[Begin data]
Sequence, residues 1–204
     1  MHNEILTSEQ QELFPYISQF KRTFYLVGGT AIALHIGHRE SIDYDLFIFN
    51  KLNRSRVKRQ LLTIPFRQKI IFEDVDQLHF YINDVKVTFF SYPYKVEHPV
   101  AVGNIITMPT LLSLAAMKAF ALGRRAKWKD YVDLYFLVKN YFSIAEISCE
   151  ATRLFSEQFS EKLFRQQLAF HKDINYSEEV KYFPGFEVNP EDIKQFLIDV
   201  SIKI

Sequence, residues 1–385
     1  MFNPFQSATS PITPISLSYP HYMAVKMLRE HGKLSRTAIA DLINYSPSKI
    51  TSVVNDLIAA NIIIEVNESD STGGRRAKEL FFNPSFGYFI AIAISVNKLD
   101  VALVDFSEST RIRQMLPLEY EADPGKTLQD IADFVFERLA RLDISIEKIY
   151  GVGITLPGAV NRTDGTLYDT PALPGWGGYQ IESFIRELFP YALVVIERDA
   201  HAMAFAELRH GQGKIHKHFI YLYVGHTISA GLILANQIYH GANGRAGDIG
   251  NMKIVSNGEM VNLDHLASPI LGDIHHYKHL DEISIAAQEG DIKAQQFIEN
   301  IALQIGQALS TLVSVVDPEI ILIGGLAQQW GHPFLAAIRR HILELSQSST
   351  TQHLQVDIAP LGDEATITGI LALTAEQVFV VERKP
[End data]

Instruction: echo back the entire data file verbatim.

Sequence, residues 1–204
     1  MHNEILTSEQ QELFPYISQF KRTFYLVGGT AIALHIGHRE SIDYDLFIFN
    51  KLNRSRVKRQ LLTIPFRQKI IFEDVDQLHF YINDVKVTFF SYPYKVEHPV
   101  AVGNIITMPT LLSLAAMKAF ALGRRAKWKD YVDLYFLVKN YFSIAEISCE
   151  ATRLFSEQFS EKLFRQQLAF HKDINYSEEV KYFPGFEVNP EDIKQFLIDV
   201  SIKI

Sequence, residues 1–385
     1  MFNPFQSATS PITPISLSYP HYMAVKMLRE HGKLSRTAIA DLINYSPSKI
    51  TSVVNDLIAA NIIIEVNESD STGGRRAKEL FFNPSFGYFI AIAISVNKLD
   101  VALVDFSEST RIRQMLPLEY EADPGKTLQD IADFVFERLA RLDISIEKIY
   151  GVGITLPGAV NRTDGTLYDT PALPGWGGYQ IESFIRELFP YALVVIERDA
   201  HAMAFAELRH GQGKIHKHFI YLYVGHTISA GLILANQIYH GANGRAGDIG
   251  NMKIVSNGEM VNLDHLASPI LGDIHHYKHL DEISIAAQEG DIKAQQFIEN
   301  IALQIGQALS TLVSVVDPEI ILIGGLAQQW GHPFLAAIRR HILELSQSST
   351  TQHLQVDIAP LGDEATITGI LALTAEQVFV VERKP